11 Feb 2019

Third Rewa trial for Susan Burdett killing

9:20 pm on 11 February 2019

Serial rapist Malcolm Rewa is today standing trial for the third time over the murder of Susan Burdett.

Malcolm Rewa, High Court in Auckland, 11 February 2019

Malcolm Rewa at the High Court in Auckland this morning. Photo: RNZ / Claire Eastham-Farrelly

Ms Burdett was raped and bludgeoned to death in her South Auckland home on 23 March 1992.

Rewa, who has a number of previous convictions for rape, is standing trial in the High Court at Auckland.

The 65-year-old He entered the dock with the support of a walking stick this morning before formally pleading not guilty to the murder charge.

Rewa has been tried for murdering Ms Burdett, a 39-year-old accounts clerk from Papatoetoe, twice before.

At the second trial the jury found him guilty of raping her but could not decide if he murdered her.

Teina Pora spent more than two decades in prison after falsely confessing to Ms Burdett's murder in 1993. Mr Pora was convicted of her rape and murder in 1994 and again found guilty at a retrial in 2000. The Privy Council quashed his convictions in 2015, clearing his name, and he later received more than $3.5 million in compensation.

The saga garnered significant media coverage, and Chief High Court Judge Justice Venning raised that with the jury pool before the empanelling process began this morning.

"You are likely to have read in the newspaper, or online, or seen on television news items or programmes, about Ms Burdett's killing and Mr Pora's involvement in the subsequent proceedings," Judge Venning said.

"You may also know that Mr Rewa has been convicted of a number of counts of rape and is currently a serving prisoner.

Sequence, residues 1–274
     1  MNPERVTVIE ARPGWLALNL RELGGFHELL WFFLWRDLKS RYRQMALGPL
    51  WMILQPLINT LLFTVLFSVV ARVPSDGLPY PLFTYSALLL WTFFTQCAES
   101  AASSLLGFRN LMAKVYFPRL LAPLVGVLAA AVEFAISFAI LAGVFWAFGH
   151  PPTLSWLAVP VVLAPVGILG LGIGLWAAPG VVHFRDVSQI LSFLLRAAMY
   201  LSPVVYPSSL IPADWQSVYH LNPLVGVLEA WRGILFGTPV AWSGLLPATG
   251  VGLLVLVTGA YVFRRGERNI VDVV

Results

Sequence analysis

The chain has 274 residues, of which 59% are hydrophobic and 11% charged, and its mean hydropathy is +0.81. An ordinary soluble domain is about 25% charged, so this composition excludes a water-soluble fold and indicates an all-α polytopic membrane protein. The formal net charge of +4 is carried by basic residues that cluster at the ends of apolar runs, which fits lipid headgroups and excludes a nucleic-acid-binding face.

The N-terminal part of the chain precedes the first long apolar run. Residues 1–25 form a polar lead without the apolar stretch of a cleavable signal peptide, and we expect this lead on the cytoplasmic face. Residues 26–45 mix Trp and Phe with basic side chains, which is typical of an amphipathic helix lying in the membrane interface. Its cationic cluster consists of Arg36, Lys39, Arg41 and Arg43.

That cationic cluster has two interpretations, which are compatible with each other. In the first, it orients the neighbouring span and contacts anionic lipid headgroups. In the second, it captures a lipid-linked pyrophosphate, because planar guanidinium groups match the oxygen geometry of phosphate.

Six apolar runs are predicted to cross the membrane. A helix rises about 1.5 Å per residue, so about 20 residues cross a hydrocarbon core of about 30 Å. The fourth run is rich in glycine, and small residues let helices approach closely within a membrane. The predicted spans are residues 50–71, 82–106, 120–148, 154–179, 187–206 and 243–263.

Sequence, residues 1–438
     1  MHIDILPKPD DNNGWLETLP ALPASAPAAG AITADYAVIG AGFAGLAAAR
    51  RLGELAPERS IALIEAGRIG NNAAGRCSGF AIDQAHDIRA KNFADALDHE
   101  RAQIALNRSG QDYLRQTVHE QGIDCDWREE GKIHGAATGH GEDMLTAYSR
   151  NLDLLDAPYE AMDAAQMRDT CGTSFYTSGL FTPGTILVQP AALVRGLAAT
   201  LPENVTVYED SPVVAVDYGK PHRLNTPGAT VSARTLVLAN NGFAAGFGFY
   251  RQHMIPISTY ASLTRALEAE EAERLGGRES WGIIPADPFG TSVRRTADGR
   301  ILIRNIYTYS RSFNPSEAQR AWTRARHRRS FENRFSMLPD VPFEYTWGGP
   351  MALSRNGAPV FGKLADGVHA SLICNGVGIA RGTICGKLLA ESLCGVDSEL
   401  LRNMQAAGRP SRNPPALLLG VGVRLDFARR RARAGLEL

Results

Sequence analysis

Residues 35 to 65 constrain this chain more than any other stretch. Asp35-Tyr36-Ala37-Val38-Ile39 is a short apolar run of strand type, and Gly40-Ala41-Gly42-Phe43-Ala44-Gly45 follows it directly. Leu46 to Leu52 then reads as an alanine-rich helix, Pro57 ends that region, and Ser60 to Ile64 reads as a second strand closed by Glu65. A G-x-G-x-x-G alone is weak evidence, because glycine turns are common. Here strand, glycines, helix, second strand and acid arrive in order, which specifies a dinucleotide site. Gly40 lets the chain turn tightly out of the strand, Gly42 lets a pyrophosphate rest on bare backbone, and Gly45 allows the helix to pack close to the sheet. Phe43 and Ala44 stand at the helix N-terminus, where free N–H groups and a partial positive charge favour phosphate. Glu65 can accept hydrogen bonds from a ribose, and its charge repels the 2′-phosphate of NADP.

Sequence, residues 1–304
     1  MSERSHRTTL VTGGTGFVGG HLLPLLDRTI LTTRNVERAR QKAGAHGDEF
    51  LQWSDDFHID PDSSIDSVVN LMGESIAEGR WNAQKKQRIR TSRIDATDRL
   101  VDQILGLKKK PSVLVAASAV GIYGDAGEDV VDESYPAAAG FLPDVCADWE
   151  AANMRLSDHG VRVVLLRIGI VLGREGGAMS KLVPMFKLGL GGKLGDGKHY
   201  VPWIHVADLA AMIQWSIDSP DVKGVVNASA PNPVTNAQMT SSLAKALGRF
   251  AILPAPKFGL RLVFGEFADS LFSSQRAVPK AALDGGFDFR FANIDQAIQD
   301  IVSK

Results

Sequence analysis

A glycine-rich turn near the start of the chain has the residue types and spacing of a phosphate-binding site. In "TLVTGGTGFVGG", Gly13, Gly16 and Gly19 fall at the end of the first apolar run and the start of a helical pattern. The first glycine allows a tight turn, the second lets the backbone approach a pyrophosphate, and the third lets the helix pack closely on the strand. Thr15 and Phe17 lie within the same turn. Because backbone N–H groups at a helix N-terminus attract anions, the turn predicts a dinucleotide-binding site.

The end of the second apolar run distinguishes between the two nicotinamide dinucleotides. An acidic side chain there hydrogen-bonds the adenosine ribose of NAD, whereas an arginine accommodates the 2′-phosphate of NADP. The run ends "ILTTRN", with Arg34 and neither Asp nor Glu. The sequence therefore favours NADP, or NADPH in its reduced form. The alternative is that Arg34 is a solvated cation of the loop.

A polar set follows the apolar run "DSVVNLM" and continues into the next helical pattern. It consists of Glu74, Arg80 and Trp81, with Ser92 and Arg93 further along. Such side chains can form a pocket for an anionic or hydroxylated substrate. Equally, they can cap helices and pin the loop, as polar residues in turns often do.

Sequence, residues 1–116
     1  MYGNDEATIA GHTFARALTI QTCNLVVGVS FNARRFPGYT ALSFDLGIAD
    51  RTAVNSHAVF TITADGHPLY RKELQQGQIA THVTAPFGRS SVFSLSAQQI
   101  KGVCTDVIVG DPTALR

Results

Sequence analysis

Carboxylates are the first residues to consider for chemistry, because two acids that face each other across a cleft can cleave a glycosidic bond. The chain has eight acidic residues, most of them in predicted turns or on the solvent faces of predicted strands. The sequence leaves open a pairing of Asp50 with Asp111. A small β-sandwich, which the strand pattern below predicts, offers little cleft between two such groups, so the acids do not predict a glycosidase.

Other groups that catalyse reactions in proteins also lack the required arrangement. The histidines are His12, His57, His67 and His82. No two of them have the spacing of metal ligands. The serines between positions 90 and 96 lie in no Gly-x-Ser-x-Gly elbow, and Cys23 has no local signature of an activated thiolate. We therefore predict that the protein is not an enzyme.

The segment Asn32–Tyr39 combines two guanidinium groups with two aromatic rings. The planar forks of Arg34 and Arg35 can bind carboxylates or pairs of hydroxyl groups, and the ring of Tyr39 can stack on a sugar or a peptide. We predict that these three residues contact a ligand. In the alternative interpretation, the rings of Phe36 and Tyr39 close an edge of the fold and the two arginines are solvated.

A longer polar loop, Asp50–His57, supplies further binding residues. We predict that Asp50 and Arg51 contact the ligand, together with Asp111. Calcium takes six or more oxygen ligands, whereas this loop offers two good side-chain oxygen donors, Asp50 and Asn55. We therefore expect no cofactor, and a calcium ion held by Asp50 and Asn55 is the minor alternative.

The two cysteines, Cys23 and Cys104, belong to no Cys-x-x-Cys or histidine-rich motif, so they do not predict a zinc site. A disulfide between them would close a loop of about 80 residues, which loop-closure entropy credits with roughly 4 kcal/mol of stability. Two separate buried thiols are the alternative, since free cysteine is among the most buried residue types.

"General knowledge of that kind does not disqualify you from serving on the jury."

Malcolm Rewa, High Court in Auckland, 11 February 2019

Malcolm Rewa Photo: RNZ / Claire Eastham-Farrelly

The crime scene

An avid tenpin bowler, Ms Burdett was last seen leaving the Manukau Superstrike Bowling Centre at about 11pm on 23 March 1992.

Neighbour Winifred O'Sullivan told the court she heard Ms Burdett's garage door open and close that night before a series of dull, thudding noises.

She was concerned enough to get out of bed and peek out the window but did not see any lights on and assumed the sound had come from elsewhere.

Ms Burdett's colleagues grew concerned for her when she did not show up to work the next day. Her friend Steven Dawson found her body the following day.

As part of the police examination, the bedding covering Ms Burdetts head was peeled away. Brain matter and a significant amount of blood was found on the sheets underneath and a bra was found over her eyes, Mr Kayes said.

The house was relatively undisturbed but police were unable to locate a bank card and black camera, which were never recovered.

Mr Kayes said the post mortem revealed significant injuries, indicating Ms Burdett had been struck in the head at least five times with a blunt instrument.

He said she would have died in minutes.

The Crown's case

Features in Ms Burdett's rape and death bore "the hallmarks of Rewa's previous violent and sexual offending", Mr Kayes told the jury.

Rewa has denied raping Ms Burdett despite his DNA being found inside her body.

Mr Kayes said the jury would hear Rewa had carried out a series of sexual attacks on other women between 1987 and 1996.

The Crown said they involved a number of recurring features. The exposure of the naked lower half of the women's bodies, the covering of the upper half, in particular the head, with clothing and most commonly bedding and the positioning of the legs of the victims off the edge of the bed.

He said these attacks were often surprise rapes in his victim's homes and revealed a pattern in Rewa's offending reflected in Ms Burdett's case.

"These features are all hallmarks of Mr Rewa's sexual and violent offending. They bear a number of significant similarities to the offences he committed between 1987 and 1996, and the reason why Ms Burdett's rape and murder bears those similarities is obvious," Mr Kayes said.

Tim McKinnel, a police officer turned private investigator who campaigned for Mr Pora's innocence, sat in the back of the public gallery to hear the opening addresses.

The trial before Justice Venning and a jury of five females and seven males is set down for four weeks.